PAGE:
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Erected in 1843, the historic Genesee County Courthouse stands prominently at the intersection of Main and Ellicott Streets. It was designed in the Greek Revival style and is still used for official government purposes, serving as the meeting space for the Genesee County Legislature, and housing the offices of the County Manager, the Assistant County Manager, and the County Attorney. The three-story building features a limestone facade and a cupola with a brass bell. It was added to the National Register of Historic places in 1973.

  • Genesee County Courthouse was built in 1843 and is still by the county government.
The first courthouse was built in 1802 under the supervision of land surveyor and chief agent of the Holland Land Company (the Holland Land Office Museum is located just down the road and is a Clio entry), Joseph Ellicott. Ellicott founded Batavia and oversaw the development of Western New York, most of which was owned by the company.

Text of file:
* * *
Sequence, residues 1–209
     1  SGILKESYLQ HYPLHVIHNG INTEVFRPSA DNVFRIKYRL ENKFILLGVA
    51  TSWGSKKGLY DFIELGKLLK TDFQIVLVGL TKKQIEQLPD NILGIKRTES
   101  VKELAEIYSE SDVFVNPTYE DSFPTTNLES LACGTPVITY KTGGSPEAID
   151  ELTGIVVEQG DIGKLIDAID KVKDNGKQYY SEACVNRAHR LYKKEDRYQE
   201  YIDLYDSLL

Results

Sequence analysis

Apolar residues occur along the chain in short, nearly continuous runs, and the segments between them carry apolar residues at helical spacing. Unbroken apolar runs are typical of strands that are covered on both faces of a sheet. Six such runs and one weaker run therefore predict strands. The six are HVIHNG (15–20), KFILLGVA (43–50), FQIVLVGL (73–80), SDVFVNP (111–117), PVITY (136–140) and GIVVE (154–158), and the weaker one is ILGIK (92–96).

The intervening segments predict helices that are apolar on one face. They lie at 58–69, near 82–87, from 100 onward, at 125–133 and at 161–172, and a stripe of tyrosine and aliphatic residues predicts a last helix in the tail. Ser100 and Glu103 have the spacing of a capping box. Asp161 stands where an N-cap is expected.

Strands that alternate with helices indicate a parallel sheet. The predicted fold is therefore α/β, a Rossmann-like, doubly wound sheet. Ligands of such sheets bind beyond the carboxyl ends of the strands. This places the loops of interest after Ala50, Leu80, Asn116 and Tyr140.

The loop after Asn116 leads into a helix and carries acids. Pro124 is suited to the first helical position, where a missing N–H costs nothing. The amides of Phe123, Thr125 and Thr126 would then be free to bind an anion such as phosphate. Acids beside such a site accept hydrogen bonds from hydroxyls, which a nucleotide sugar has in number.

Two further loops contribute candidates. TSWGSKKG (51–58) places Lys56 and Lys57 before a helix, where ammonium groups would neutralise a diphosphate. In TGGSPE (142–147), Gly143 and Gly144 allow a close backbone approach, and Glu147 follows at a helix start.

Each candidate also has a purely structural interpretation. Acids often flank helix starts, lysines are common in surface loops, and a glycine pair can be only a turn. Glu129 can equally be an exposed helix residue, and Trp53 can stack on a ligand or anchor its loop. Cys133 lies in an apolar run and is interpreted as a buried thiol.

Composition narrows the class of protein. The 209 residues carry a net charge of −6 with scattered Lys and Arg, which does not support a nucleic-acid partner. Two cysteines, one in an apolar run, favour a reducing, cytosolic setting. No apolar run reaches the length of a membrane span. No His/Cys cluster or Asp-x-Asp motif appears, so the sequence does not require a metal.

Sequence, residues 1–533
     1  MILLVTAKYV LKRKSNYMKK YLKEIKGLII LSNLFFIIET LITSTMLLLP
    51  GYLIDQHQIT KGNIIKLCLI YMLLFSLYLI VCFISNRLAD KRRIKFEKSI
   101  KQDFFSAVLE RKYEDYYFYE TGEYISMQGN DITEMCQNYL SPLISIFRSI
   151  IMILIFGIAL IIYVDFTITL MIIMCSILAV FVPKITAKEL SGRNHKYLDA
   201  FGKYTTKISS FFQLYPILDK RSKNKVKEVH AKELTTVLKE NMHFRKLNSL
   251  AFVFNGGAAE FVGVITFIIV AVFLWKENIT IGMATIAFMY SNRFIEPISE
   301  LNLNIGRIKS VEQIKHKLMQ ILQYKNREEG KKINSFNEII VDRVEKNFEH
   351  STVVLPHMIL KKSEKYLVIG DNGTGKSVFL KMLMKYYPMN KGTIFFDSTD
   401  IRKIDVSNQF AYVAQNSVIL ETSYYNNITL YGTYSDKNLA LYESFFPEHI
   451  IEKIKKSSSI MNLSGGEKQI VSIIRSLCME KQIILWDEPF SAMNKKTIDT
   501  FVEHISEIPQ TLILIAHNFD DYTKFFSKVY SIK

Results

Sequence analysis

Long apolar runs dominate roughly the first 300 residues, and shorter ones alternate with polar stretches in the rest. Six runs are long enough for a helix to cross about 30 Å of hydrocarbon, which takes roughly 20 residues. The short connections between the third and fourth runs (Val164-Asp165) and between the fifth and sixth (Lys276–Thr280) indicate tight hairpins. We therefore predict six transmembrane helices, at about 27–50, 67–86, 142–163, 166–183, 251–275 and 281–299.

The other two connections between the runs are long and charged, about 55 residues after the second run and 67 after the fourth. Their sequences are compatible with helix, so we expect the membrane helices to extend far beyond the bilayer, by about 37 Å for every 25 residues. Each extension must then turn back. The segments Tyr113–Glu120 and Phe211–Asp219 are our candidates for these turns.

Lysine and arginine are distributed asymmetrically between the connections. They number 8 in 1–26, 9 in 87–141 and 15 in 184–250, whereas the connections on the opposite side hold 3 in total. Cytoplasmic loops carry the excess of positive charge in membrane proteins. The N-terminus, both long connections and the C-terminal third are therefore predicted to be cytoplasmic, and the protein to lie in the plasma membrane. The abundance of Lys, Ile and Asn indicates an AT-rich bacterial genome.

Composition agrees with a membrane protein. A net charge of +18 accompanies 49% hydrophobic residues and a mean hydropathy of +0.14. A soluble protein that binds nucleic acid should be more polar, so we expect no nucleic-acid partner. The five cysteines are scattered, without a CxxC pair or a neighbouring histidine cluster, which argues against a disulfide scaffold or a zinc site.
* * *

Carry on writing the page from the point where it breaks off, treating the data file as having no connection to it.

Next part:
As the population in Batavia and the county grew, the need for a bigger courthouse became apparent. The state legislature appropriated funds for the building in 1840 and construction began in 1841 and ended in 1843. The building has undergone changes over time, including major renovations in 1931, but it still retains much of its historical integrity. 
"History of the Genesee County Courthouse." Genesee County, New York. Accessed January 21, 2019.

Photo: Wikimedia Commons